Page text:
A recent essay in The Wall Street Journal described Donald Trump thusly: "Rather like the crazy boy-emperors after the fall of the Roman Republic, he may have problems with impulse control — and an uncontrolled, ill-formed, perpetually fragmented mind."
That this observation appeared under the headline "The Gathering Nuclear Storm" — and was written by a conservative journalist, Mark Helprin — should give us pause.
The rubber bands Trump's advisers had wrapped around his brain to hold it together during the debate with Hillary Clinton apparently snapped after about the first half-hour. Freed from the restraints, Trump went on to rant against a former Miss Universe's weight gain and a female comedian "who's been very vicious" to him.
Centuries hence, historians will pore over the debate manuscript and attempt to answer the question, "Who was Rosie O'Donnell?" They will try to explain the civilizational import of Sean Hannity, whose name Trump evoked seven times as a kind of defender.
But let us move on to the "big stuff." National security.
Trump had this to say at the debate:
"But when you look at NATO — I was asked on a major show, 'What do you think of NATO?' And you have to understand, I'm a businessperson. I did really well. But I have common sense. And I said, 'Well, I'll tell you. I haven't given lots of thought to NATO. But two things...'"
Not having given lots of thought to NATO didn't deter the Republican nominee from talking out loud about ditching U.S. obligations under the 67-year-old North Atlantic Treaty Organization — rattling our European allies and pleasing Russia's Vladimir Putin.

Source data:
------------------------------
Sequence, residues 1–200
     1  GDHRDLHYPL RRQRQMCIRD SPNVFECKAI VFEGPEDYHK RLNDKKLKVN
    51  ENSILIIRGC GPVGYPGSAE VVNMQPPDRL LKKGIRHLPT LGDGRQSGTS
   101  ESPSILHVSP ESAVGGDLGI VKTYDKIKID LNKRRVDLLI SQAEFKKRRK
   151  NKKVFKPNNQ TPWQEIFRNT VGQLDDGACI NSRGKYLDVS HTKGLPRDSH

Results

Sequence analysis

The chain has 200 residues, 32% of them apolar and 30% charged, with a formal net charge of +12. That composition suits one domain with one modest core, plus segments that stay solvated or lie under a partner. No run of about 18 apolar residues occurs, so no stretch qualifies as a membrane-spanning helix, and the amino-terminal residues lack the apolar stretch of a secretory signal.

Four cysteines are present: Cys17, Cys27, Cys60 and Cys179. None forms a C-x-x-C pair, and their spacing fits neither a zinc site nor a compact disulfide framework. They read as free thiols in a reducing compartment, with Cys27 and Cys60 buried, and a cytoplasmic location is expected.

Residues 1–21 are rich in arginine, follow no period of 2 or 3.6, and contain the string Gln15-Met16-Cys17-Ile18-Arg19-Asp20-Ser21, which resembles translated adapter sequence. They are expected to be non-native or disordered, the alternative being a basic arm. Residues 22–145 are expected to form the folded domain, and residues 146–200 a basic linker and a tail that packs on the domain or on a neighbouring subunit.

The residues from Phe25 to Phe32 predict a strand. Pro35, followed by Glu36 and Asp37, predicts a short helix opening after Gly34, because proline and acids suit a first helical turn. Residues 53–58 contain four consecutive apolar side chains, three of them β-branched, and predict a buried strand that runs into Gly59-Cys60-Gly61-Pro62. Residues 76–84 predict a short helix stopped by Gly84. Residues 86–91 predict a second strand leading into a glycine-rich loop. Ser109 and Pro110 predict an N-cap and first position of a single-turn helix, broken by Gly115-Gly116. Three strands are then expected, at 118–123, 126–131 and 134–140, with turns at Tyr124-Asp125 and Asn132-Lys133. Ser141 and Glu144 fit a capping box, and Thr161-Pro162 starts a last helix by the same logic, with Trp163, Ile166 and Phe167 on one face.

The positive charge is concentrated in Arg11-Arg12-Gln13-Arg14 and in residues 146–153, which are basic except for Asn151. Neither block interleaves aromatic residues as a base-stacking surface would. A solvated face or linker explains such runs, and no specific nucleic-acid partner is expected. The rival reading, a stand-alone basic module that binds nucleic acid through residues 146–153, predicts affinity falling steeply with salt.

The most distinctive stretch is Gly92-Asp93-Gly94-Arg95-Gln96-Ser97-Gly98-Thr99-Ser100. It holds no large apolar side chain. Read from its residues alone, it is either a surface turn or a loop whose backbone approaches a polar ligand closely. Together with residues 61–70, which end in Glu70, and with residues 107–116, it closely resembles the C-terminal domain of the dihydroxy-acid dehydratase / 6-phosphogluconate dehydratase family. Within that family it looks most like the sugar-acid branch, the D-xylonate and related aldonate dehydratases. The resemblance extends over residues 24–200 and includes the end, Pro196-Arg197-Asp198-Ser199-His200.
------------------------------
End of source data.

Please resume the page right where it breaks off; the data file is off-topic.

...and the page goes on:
Trump went on: "I said, and very strongly, NATO could be obsolete because — and I was very strong on this, and it was actually covered very accurately in The New York Times, which is unusual for The New York Times, to be honest — but I said, 'They do not focus on terror.' And I was very strong. And I said it numerous times."
During a televised Republican primary debate last year, conservative talk show host Hugh Hewitt asked Trump, "What's your priority among our nuclear triad?" Trump tossed one of his incoherent word salads, showing he hadn't the foggiest idea what the triad was.
Marco Rubio rushed to the audience's rescue: "The triad is our ability ... to conduct nuclear attacks using airplanes, using missiles launched from silos or from the ground and also from our nuclear subs."
In March, Trump suggested letting Japan and South Korea possibly develop their own nuclear weapons, setting off fears in Asia of an out-of-control regional arms race. Trump has done considerable business with South Korea's Daewoo, it's been reported. Daewoo — which fell into bankruptcy in 1999 amid a $43 billion accounting fraud — is also involved with nuclear energy and could make a lot of money if South Korea developed its own nuclear weapons.
Then there was Trump's extraordinary act of inviting a foreign adversary, Putin's Russia, to hack Clinton's email. William Inboden, who served in the National Security Council during the George W. Bush administration, characterized Trump's comments as "tantamount to treason."
Toward the end of the debate, Trump — looking deflated and exhausted — thought it wise to bring up the question of Clinton's "stamina."
Sensing things had not gone well for him, the boy-emperor lashed out the next day at his enemies — the microphone, the moderator and the beauty queen.
"For 90 minutes, I watched (Clinton) very carefully," Trump bellowed. "And I was also holding back. I didn't want to do anything to embarrass her."
You've got to hand him this: He didn't embarrass her.
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